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First ever workshop in India to set performance standards for teachers

By Vikas Verma

Hyderabad July 14, 2006 : What comes first – student retention and learning achievement OR good quality education and teacher accountability? Many experts feel that this “chicken and egg syndrome” needs to be tackled from both the ends. While the “egg” as in student retention and learning achievement has many people rooting for it, the “chicken” as in quality education and teacher accountability is yet to be fully addressed in India.

India is committed to providing free and compulsory education for all children up to fourteen years of age. Out of approximately 200 million children in the age group 6-14 years, only 120 million are in schools and net attendance in the primary level is only 66 per cent of enrolment (Source:- Elementary education in India , Priorities for 11th Plan by R. Govinda National Institute of Educational Planning Administration, New Delhi )

Although there has been much talk in recent years over the enormous increase in enrolment of children in primary schools, in some of the states teacher-pupil ratio is far above the norm of 1:40 (e.g. Bihar had the ratio of 1:80) pushing even the national average to 1:42. This is due to inability of state governments in recruiting teachers fast enough even against the existing positions. Almost all states have backlog of vacant teacher posts.

The result is that not just that the teachers have to contend with crowded classes, they also have very minimal infrastructure and academic facilities. Around three out of four primary schools in the country involve multi-grade teaching requiring the teachers to be innovative in simultaneously teaching students of several grades. A substantial proportion of schools do not have even a proper building, leave alone other facilities like sanitation and water. This complex situation in which the teachers have to work gets further compounded when one considers the figures for single teacher schools. All this obviously has a clear reflection on their performance. Combined with absenteeism and no accountability the situation assumes seriousness.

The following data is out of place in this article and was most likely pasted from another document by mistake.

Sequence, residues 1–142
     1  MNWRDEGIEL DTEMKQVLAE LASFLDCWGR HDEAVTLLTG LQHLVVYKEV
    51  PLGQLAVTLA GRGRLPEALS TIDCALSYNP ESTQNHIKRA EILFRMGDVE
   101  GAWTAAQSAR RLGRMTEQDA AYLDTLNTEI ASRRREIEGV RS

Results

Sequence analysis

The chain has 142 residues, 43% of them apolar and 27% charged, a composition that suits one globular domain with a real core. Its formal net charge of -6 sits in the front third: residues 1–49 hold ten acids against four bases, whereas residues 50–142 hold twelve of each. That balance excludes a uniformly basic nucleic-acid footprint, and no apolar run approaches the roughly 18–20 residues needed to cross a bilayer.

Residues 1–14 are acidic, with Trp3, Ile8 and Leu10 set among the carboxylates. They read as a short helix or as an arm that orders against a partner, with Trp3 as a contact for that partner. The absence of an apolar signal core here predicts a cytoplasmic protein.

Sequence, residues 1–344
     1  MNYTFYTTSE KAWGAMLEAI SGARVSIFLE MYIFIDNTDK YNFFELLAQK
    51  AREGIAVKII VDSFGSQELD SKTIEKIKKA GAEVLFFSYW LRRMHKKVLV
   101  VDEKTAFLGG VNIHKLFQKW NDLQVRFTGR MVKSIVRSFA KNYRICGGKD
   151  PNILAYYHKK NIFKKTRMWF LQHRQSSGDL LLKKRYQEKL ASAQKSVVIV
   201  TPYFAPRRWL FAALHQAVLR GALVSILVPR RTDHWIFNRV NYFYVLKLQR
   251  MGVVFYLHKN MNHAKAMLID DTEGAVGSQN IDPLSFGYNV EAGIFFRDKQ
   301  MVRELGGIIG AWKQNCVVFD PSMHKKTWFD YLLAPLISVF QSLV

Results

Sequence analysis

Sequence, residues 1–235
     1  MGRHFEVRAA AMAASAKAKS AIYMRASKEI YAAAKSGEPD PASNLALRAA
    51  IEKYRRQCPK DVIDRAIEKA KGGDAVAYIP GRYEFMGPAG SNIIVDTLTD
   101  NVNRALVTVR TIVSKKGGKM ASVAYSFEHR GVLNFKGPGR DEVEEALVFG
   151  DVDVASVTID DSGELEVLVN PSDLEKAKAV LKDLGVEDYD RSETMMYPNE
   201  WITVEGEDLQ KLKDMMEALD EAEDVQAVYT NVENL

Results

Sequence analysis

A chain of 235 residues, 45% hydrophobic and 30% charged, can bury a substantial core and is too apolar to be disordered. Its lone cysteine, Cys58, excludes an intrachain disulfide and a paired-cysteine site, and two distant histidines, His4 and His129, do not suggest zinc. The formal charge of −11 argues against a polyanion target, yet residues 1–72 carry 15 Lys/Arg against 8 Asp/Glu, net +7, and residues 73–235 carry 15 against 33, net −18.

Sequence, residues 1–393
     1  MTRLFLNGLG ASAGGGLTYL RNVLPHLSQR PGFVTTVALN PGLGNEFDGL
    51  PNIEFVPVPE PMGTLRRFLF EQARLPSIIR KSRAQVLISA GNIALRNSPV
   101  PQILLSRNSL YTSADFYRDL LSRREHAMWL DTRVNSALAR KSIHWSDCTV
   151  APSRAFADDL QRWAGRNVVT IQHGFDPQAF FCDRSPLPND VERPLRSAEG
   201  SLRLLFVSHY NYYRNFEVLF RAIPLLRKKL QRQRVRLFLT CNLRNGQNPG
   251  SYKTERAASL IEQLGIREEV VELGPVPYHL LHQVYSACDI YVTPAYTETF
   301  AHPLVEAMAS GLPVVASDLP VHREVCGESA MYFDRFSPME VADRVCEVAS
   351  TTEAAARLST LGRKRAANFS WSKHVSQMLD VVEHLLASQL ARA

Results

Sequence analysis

Consequently learning achievements amongst children are low and independent surveys and studies suggest that even after five years in primary school, many children are unable to sign their names.

With 150,000 more teachers to be appointed in the current year (as per Union Budget 2006-07) the issue before the policy makers is clear - how to improve teachers’ performance? And how to enable teacher resource and training institutes like CRCs-BRCs-DIETs to be accountable and bring about improved teacher performance? In response to this UNICEF is supporting an MHRD initiative called ADEPTS (Advancement of Educational Performance through Teacher Support). Conceptualized in consultation with MHRD, ADEPTS brings together NCERT, MHRD, national and state level experts and institutions.

For the first time in India this historic movement started its journey through a consultation held in Hyderabad between 11th & 13th. July 2006. Delegates from the states of Tamil Nadu, Andhra Pradesh, Lakshdweep, Goa, Pondicherry, Maharashtra, Karnataka and Kerala participated along with experts from the department of Elementary Education, NCERT, New Delhi.

Inaugurating the consultation Mr. Michel Saint- Lot, UNICEF Representative for the States of AP and KN said, “If India has to achieve the MDGs of education then we need motivated, trained and inspired teachers who will give the child the time and the luxury of making mistakes. This in turn implies sufficient practice for children and not just rushing them to finish the curriculum. Training institutes have a major role in helping teachers do this.”

The process is scheduled to last for six months and by the  end of December 2006 the initiative will have consulted all the 35 state & union territories to arrive at looking at the crucial issue of standards for teacher performance.

This is being done by
1. Identifying  performance standards for teachers, and for all others who are supposed to enable and support teachers (At present these are missing or are plain rudimentary)
2. Reviewing present situation and assess the gap between desired standard and present performance of teachers and support/development system (in service training, and especially, CRCs, BRCs, DIETs)
3. In light of these, drawing  up focused and appropriate strategies / programmes to bridge the gaps

It is hoped that by the end of this year Indian policy makers would have addressed the issue by having consensus on strategic inputs. A good start is half the battle won.

 

 

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